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Nothing like a good old planet-sized tornado on the surface of our Sun to make you feel tiny and insignificant on a Monday morning.
Amateur astronomy photographer @chucksastro shared a one-year-old image of Sun’s battling surface yesterday and it is impossible not to feel small when the tornado-captured alone is as big as our planet Earth.
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The stunning footage reveals our Sun in its magnificence: a hot fiery ball of heated gas with no solid surface that is always moving.
What is a Solar Tornado?
A tornado on Earth is a fear-inducing weather event on its own; however, when they are on the surface of Sun they become something else altogether. Solar tornadoes are made up of solar gases that swirl deep within the Sun's atmosphere and generally spin at up to 190,000 miles per hour.
This image by the amateur astrophotographer shows our Sun on a relatively calm day.
Different from the tornadoes that we know, solar tornadoes are magnetic events. They involve superheated gasses being sucked up from the star towards its atmosphere and these gasses carry magnetic fields and electrical currents in their trail.
Every now and then, tornadoes bigger than Jupiter can send gas and energy flowing deep into space; luckily, they drop to incredibly low densities before they reach the Earth and beyond.
Reddit user @chucksastro, whose real name is Chuck Ayoub, was searching the rim of the sun for activity when the flare of the tornado happened. Apparently, he set up at exactly the right time to capture it, in which he calls simply his “dumb luck”.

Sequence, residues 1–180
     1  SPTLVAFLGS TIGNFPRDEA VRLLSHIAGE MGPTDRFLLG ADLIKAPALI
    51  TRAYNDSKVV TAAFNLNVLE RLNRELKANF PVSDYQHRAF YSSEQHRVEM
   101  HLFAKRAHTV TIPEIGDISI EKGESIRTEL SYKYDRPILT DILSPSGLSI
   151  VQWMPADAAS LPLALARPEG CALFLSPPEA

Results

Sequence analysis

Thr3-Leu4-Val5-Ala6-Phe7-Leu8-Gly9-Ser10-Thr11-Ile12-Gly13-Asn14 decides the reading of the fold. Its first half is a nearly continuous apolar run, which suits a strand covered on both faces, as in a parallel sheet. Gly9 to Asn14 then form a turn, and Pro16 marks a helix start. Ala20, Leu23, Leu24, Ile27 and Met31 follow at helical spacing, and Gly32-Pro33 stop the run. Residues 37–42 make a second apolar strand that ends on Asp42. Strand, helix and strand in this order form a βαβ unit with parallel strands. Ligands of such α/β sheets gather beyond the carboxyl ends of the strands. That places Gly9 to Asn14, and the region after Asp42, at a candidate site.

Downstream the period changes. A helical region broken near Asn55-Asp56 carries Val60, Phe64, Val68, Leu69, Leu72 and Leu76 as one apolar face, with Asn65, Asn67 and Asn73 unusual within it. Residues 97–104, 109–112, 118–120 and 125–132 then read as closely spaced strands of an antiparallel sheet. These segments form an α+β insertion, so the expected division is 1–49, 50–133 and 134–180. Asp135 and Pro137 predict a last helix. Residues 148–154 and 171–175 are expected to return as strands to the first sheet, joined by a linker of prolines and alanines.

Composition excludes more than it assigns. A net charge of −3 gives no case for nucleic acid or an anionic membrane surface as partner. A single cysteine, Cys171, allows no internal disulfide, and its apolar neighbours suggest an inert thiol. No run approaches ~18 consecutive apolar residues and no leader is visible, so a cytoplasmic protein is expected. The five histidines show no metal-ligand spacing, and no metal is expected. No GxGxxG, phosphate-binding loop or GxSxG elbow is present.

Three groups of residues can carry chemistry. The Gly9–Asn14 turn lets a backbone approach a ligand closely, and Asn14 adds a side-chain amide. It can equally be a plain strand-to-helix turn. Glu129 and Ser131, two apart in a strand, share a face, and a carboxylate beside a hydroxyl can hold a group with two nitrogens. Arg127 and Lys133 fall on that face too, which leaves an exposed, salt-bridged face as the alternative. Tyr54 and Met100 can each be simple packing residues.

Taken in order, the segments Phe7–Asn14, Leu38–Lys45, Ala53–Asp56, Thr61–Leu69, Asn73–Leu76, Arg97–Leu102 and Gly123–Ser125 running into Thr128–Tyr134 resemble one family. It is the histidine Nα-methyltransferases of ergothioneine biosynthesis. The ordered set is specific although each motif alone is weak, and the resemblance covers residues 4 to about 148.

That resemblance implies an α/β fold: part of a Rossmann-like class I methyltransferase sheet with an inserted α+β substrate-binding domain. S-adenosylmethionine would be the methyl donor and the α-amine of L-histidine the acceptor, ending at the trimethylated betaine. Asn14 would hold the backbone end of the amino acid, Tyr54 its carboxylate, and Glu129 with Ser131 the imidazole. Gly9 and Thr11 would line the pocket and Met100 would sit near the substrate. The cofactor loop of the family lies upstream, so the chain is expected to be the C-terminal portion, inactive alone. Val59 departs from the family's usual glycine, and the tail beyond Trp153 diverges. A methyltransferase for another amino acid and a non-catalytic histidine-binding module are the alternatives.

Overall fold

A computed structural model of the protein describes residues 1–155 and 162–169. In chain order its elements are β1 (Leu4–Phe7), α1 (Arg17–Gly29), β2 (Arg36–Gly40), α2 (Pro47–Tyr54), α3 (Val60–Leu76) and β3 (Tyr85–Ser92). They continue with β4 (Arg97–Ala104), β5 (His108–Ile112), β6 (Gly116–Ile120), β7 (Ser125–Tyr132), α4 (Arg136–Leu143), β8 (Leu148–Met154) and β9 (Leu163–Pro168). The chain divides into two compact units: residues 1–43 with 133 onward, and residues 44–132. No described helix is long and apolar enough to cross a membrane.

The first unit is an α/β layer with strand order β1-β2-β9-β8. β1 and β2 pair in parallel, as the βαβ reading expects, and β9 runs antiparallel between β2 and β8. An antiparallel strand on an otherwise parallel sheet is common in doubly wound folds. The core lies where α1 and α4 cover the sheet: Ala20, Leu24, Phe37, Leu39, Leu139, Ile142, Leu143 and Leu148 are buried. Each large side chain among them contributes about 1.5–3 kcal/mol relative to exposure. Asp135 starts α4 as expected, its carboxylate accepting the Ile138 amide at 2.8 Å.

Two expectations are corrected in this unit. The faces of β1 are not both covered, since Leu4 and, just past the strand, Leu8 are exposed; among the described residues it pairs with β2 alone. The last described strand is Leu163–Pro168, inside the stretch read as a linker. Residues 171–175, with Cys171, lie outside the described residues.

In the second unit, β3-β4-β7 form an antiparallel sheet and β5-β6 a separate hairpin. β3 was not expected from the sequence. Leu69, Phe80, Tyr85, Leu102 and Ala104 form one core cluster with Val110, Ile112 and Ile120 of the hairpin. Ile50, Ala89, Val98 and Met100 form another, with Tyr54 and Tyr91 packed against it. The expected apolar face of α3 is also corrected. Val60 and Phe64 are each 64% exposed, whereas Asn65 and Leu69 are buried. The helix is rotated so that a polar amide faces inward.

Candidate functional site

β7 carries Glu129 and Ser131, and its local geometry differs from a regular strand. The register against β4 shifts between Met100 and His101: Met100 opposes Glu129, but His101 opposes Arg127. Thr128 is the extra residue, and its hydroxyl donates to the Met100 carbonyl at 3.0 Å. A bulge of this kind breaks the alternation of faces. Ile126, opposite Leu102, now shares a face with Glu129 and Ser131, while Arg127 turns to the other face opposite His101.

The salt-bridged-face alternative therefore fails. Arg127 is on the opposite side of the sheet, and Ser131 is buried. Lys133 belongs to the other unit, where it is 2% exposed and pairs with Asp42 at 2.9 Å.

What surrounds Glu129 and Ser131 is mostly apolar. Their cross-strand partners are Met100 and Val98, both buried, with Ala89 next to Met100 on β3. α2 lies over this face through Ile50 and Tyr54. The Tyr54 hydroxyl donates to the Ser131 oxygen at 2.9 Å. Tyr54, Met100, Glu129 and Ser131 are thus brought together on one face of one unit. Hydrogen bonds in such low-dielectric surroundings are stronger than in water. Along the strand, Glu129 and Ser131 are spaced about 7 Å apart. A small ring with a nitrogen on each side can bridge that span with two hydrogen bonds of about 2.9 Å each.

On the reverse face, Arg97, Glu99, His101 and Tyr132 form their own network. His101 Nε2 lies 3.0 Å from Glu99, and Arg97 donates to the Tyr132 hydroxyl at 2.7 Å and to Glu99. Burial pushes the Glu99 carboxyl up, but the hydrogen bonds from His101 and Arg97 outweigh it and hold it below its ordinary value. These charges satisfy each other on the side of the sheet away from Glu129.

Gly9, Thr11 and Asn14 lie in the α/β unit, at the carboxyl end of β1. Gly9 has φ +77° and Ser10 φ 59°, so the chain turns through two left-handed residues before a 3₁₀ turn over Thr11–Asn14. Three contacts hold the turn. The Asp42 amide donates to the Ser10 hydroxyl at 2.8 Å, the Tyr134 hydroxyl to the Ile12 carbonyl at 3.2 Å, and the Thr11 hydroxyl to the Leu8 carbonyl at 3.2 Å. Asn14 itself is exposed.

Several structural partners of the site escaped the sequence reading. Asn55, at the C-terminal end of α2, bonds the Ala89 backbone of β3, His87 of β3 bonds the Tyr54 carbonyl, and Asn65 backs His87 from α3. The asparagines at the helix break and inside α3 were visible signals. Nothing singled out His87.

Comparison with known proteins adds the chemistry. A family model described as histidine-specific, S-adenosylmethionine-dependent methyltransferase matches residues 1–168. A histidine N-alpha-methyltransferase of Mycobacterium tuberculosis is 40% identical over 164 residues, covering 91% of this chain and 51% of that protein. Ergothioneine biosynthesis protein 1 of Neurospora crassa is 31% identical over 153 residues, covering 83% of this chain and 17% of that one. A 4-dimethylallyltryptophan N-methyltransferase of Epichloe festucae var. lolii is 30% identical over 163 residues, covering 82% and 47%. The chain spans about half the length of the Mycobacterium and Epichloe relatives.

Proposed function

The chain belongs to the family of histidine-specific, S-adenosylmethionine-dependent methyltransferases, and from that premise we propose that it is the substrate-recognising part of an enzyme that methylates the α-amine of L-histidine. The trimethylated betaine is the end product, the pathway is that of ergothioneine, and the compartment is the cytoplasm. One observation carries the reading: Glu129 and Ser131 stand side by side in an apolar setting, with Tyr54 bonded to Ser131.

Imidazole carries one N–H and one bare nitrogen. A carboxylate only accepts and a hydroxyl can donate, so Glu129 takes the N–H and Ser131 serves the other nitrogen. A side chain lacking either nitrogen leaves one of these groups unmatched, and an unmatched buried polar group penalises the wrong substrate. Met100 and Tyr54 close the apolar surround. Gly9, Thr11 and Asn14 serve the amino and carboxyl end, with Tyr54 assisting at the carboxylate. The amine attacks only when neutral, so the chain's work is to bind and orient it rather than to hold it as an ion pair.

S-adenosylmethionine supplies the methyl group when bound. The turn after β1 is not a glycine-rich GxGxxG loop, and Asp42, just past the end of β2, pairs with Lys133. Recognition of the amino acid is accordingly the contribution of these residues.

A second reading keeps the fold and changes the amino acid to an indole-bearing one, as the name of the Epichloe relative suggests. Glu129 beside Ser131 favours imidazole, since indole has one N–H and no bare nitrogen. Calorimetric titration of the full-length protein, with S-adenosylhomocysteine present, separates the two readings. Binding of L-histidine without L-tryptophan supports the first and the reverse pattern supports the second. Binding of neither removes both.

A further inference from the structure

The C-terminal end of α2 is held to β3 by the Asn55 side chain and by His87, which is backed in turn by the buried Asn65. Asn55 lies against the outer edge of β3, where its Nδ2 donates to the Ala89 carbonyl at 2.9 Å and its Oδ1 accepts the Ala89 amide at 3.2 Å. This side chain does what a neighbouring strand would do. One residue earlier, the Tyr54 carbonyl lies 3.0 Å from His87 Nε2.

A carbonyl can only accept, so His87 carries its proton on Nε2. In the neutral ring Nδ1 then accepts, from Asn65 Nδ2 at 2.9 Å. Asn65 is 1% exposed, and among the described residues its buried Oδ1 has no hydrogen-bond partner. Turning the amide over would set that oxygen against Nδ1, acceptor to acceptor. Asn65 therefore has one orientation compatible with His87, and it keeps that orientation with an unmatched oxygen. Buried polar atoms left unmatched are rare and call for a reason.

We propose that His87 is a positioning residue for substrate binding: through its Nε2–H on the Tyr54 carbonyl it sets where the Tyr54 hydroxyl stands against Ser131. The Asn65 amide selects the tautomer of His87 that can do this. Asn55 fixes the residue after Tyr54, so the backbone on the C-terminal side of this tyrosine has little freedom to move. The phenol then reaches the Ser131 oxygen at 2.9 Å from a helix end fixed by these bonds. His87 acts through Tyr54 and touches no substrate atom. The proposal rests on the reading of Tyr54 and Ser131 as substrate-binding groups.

I captured a Tornado on the Sun from my backyard. It lasted for 2 hours before it vanished. from r/space
The active prominence was filmed in a time-lapse video taken over a period of a two hour period in May 2018. Ayoub ran the footage backward and forwards to achieve a smooth transition.
The footage will probably remind you of that Soundgarden song we all know so well and there is a reason for that. The Sun's surface was blocked out to get the storm details on the edge as sharp as possible. This enabled it to be imaged in great detail.
And with great detail it truly is, the two-hour-long tornado shows the Sun's surface swirling over with hot plasma in a constant battle between unstable magnetic fields and constant gravity.
According to Nasa, the featured prominence rises over the Sun's surface about one Earth-diameter. A storm bigger than the Earth itself: quite hard to imagine, but guaranteed to give you existential crisis nonetheless.
The lucky footage was chosen the "Astronomy Picture of the Day" by NASA on 18 June 2018, a month after it was captured.
Ayoub used an Orion ED80T CF telescope with a ZWO ASI183MM to capture the image. He stated that the animation consists of 135 frames over a period of 2 hours and 15 minutes running at 19 frames per second.
Moreover, his Youtube channel is a hidden gem for all the amateur astronomy photography enthusiasts out there.
You can also check out his Instagram page @chucksastrophotography for more astronomy-related content.